To show that we could not resist those candy colored monstrosities offered on every street corner, seen above is Exhibit A. Three giant pots were purchased and planted of the rusty orange with purple highlights a couple of years ago. Overnight, some critter pulled one of them entirely out of the ground and drug them away. Note I did not say if it was animal or human. Scratch one plant. The hole was smoothed over and left bare. The following year there was a smidgeon of foliage but no flowers. This year, one stem bravely topped with the highly desirable color emerged. While beautiful, this type of mum is not suited for garden use other than to be treated as an annual. It may have overwintered, but one stem does not a garden make. But that’s just me.
Nor does one small plant of dwarf pomegranate, Punica granatum ‘Nana’ a garden make. This oddball was purchased one winter a few years ago and kept in the greenhouse for some frivolous fun. It was planted in the ground the following spring in a protected spot under some evergreens and forgotten. The next winter, it was covered with some Christmas tree branches along with the more tender hydrangeas. We cut all the branches off of the trunk for garden use after the holidays are over. They make very fine and fragrant plant teepees and have afforded enough cover for the frost tender flower buds of the hydrangeas to survive and bloom. Remember to leave them in place until that last frost of spring date has safely passed. Back to the Pom, it does not produce any fruit, sad to say, but just the fact that it is alive in this zone denial planting is a coup.
Sigh. Here is where I reveal that I am a sham and a hypocrite. It is written on this blog to get rid of plants you don’t like, and here is the Gaillardia pulchella, growing and blooming, just to spite me. The color is offensive. It does not bring a smile, it brings a frown and we know that frowns cause wrinkles. But I digress. Seeds were planted in the beginning, why, who can say. But they germinated, grew well and flowered. But we didn’t care much for the way them looked in the garden and the plants were moved to other spots. They quickly died in the summer sun without water, and we thought that was that. But the seeds had dropped and new plants arose. They too bloomed, and even though we disliked them intensely, we could not pull a healthy blooming plant and ignored it. Naturally it kept seeding and making more plants, despite the lack of care. And so it continues, unloved and unwanted. It irks me everytime I pass the group of them, but my hand cannot pull the plug. I am weak. Forgive me.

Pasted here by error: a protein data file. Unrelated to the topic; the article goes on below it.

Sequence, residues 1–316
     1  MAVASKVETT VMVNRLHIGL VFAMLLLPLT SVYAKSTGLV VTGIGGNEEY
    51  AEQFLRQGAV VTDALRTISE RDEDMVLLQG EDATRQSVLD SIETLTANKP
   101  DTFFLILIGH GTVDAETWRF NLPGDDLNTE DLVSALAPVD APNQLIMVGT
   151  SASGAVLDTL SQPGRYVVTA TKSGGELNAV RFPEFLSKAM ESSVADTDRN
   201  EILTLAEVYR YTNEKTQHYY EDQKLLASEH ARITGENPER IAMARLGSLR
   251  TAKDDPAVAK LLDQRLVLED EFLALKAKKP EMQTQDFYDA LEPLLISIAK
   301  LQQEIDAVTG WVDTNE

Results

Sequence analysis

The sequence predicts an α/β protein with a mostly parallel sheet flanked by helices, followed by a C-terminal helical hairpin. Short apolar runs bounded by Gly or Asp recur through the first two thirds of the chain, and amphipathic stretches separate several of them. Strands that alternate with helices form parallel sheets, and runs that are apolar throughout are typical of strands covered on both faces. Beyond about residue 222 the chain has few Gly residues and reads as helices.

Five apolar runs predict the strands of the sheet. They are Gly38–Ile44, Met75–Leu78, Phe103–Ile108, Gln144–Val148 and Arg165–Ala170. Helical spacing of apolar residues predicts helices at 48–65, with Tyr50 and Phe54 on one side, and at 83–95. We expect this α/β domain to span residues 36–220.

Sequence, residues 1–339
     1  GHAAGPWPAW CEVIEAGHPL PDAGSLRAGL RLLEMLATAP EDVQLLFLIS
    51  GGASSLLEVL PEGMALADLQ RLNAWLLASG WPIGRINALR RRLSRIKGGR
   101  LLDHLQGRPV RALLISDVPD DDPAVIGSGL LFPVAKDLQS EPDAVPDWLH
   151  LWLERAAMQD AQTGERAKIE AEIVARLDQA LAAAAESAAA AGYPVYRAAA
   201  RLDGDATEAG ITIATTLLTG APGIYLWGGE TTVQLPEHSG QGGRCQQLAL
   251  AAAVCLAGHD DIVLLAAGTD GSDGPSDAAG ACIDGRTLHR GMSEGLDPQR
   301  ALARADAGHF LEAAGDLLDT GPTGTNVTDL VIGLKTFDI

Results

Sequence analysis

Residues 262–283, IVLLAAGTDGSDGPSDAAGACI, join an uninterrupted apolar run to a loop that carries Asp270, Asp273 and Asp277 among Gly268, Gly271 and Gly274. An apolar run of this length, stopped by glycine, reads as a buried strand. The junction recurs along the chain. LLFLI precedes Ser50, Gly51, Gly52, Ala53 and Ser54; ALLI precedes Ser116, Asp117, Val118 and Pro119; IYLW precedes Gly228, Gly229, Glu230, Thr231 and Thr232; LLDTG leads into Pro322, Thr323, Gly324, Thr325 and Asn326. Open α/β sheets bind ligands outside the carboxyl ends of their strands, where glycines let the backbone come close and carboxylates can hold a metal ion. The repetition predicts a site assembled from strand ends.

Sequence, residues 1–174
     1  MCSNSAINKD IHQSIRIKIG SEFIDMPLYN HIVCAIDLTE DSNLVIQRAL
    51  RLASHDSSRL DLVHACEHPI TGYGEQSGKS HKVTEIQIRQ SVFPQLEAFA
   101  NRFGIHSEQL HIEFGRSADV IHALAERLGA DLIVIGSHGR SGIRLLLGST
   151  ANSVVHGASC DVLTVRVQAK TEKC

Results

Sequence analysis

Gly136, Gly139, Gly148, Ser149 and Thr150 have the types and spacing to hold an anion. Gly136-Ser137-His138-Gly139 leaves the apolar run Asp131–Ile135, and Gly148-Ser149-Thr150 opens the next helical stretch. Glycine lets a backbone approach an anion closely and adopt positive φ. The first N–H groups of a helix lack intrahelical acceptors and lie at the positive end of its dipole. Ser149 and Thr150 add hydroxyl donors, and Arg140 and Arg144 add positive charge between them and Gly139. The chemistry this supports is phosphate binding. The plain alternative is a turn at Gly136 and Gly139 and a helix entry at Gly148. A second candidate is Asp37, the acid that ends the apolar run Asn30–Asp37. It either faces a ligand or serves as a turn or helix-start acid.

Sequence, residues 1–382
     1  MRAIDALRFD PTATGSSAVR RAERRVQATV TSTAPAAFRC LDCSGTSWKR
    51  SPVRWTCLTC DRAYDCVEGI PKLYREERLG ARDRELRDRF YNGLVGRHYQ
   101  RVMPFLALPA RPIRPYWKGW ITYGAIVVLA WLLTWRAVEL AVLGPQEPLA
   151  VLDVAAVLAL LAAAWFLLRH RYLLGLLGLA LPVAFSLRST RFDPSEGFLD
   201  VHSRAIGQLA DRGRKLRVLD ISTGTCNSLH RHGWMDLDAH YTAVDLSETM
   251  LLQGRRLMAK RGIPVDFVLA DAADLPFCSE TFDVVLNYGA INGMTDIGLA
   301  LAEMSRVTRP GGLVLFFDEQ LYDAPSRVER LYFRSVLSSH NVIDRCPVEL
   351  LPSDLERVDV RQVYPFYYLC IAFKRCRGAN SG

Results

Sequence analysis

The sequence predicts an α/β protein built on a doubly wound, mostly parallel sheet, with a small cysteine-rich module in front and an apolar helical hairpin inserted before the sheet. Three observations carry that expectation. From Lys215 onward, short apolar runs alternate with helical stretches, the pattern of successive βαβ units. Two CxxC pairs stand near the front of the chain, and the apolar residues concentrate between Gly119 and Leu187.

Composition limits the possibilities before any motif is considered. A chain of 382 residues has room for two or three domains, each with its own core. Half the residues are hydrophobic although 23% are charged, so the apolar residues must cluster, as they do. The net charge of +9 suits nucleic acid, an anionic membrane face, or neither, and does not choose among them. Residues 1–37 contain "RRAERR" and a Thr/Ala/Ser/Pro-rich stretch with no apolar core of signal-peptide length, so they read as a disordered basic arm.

Sometimes the plants get confused by the roller coaster ride that is our weather. Drought followed by plentiful rains can trigger blooming in some, like the Vinca minor ‘Illumination’ shown above. Most do not even get noticed but this blue babe is growing at the entryway to the concrete step stone path that leads up the slope. A shot of blue caught the eye and the body bent to get a closer look. Yup, flowering out of season.
Closing out this months bloom day, the brainchild of sweet Carol of May Dreams Gardens, is the iconic pink muhly grass, Muhlenbergia capillaris. Once the main swath of this fall fatale, the planting fronting the boxwood hedge of the knot garden has been shaded out by the ever growing azaleas sharing the space. Plants have been divided and moved, trying to keep the show alive, but now the end cap is the healthiest and best blooming of the row, nearest the large concrete steps that lead to the knot garden opening. Now in the purple bruise stage, the color deepened and darkened by frost, the muhly will carry us into true winter conditions, turning to pale straw. It will remain in place, to offer movement and catch the light until after the holidays when it will be cut to the ground. The cycle will begin again. Repeat as necessary.